The Incredible Judges Of The Hackaday Prize

The last challenge of The Hackaday Prize has ended. Over the past few months, we’ve gotten a sneak peek at over a thousand amazing projects, from Open Hardware to Human Computer Interfaces. This is a contest, though, and to decide the winner, we’re tapping some of the greats in the hardware world to judge these astonishing projects.

Below are just a preview of the judges in this year’s Hackaday Prize. In the next few weeks, we’ll be sending the judging sheets out to them, tallying the results, and in just under a month we’ll be announcing the winners of the Hackaday Prize at the Hackaday Superconference in Pasadena. This is not an event to be missed — not only are we going to hear some fantastic technical talks from the hardware greats, but we’re also going to see who will walk away with the Grand Prize of $50,000.



Sherry Huss

Sherry Huss is the former vice president of Maker Media, and oversees the publishing of Make Magazine and Maker Faires across the globe. Sherry is a major advocate of ‘all things maker’ in the global community, and her vision and passion for the maker movement was instrumental in growing the Make: brand within the maker ecosystem. Under her guidance, the largest Maker Faires, the Bay Area and World Maker Faire in New York, have grown from just a few thousand people in 2006 to events with over 200,000 attendees each year. Sherry is a giant in the Maker world, and an unending advocate of maker, DIY, and everyone who makes, whether that’s through wood, code, metal, solder, or fabric.

Anool Mahidharia

Anool is an electrical engineer, and works in Test & Measurement at Lumetronics. He’s part of WyoLum, an international group of hardware nerds who are consistently pumping out projects that push the limits of how blinky, glowey, and interesting a thing can be. They’re behind some projects you may have caught at random hacker meetups, and the creators of an absurd RGB LED cube that’s also a die. Anool is, by every account, an extremely capable hardware engineer, a longtime writer for Hackaday, and is constantly travelling the world presenting the latest developments in electronics to the public.

Danielle Applestone

Before founding Other Machine Co., now Bantam Tools, makers of tiny desktop milling machines that make fantastic circuit boards, Danielle Applestone worked with DARPA to develop high-precision machines that were effectively made out of kitchen cutting boards. HDPE, it turns out, is extraordinarily mechanically stable, cuts and machines easily, and can make very rigid components. Danielle spun this research out into the Othermill, an actual successful hardware startup. Danielle talked about this experience at the Hackaday Superconference, and we’re thrilled to have her on board judging other makers in their efforts to create the next big hardware thing.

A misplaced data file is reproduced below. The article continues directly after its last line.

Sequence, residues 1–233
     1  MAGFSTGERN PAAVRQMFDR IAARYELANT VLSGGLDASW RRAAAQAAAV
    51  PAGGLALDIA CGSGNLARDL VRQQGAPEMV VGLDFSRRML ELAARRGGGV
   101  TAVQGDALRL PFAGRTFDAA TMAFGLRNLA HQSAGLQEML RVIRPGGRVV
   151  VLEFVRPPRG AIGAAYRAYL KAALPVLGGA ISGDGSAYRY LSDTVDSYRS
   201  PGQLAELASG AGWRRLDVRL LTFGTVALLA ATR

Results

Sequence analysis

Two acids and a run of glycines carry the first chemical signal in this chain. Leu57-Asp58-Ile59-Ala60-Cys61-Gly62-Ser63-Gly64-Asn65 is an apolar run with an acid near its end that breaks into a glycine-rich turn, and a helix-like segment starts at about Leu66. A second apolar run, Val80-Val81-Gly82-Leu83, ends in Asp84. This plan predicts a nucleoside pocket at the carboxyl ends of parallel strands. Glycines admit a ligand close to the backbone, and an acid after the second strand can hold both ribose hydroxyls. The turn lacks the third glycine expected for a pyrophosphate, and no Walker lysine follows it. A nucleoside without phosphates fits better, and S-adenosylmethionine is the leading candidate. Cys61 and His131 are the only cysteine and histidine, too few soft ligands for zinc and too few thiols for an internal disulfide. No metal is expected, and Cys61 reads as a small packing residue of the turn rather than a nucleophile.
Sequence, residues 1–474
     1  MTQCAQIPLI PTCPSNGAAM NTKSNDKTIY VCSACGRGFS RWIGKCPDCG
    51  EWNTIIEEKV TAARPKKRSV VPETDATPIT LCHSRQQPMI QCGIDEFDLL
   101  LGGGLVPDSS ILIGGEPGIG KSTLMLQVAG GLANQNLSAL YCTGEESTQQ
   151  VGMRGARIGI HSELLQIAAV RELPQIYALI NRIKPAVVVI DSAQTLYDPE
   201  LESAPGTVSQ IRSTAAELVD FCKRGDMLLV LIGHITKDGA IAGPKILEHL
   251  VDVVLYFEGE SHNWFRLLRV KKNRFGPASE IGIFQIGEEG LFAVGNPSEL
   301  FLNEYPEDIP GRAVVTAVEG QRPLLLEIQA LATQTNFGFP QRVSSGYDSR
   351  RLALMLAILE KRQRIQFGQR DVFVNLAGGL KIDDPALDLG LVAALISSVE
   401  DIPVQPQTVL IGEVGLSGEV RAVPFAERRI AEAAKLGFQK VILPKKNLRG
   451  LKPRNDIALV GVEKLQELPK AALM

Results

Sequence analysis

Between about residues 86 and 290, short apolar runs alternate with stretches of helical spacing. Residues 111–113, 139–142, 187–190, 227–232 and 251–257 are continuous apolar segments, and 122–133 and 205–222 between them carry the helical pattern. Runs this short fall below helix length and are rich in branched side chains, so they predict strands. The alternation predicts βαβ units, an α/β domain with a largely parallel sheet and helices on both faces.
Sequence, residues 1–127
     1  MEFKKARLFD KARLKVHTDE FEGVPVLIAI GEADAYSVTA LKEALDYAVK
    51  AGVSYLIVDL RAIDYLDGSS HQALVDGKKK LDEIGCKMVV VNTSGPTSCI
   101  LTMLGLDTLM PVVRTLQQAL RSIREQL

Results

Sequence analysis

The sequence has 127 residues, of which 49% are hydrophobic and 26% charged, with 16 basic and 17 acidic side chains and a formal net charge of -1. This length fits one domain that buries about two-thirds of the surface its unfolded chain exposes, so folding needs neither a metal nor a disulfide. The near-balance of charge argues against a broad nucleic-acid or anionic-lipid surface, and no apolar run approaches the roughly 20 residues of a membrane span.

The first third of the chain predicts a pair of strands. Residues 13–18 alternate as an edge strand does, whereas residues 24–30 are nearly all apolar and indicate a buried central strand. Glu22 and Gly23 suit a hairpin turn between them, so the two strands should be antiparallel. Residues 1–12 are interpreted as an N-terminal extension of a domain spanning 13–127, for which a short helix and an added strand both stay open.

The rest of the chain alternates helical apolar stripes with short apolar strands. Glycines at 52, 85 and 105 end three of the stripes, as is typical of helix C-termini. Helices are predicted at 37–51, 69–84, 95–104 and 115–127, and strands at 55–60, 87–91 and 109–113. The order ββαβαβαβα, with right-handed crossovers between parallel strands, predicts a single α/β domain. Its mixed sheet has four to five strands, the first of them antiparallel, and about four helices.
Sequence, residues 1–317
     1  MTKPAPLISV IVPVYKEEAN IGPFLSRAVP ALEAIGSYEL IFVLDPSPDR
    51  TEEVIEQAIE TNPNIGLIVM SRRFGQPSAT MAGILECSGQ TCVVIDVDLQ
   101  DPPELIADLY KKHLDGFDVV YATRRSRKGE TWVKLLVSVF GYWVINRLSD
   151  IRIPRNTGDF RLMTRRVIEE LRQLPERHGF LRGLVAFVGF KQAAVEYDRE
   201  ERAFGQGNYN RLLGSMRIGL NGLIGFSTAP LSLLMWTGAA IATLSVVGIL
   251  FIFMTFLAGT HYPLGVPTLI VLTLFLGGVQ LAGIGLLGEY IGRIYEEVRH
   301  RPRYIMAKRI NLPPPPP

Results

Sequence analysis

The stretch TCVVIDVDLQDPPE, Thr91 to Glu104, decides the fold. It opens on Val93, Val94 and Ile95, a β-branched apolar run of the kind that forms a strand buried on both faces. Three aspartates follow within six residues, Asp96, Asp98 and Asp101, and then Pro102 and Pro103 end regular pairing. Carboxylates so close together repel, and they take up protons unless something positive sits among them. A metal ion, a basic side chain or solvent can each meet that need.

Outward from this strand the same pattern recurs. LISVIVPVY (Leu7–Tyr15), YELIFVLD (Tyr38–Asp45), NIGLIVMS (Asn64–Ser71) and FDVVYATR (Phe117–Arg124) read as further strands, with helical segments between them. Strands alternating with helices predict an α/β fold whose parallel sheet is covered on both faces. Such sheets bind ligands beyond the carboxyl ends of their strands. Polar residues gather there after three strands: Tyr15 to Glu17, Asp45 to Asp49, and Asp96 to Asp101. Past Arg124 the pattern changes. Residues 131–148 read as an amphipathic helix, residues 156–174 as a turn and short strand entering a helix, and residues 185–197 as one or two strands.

Kwabena Agyeman

Kwab is one of the leading experts in computer vision and machine learning applications, and specializes in FPGA and Chip design. His greatest contribution to Open Hardware is the OpenMV, a platform for Computer Vision, ‘at the edge’, or basically a very high performance microcontroller and camera module on a single board, that’s running computer vision algorithms. This project began as a Hackaday Prize project that was then bootstrapped into a successful business. Formerly of Planet Labs where he spent his time pulling off Apollo 13-level hacks on space assets, Kwab is among the most successful designers in the world of Open Hardware.

These are just a few of the amazingly accomplished judges we have lined up to determine the winner of this year’s Hackaday Prize. The winner will be announced on November 3rd at the Hackaday Superconference. There are still tickets available, but if you can’t make it, don’t worry. We’re going to be live streaming everything, including the prize ceremony, where one team will walk away with the grand prize of $50,000. It’s not an event to miss.

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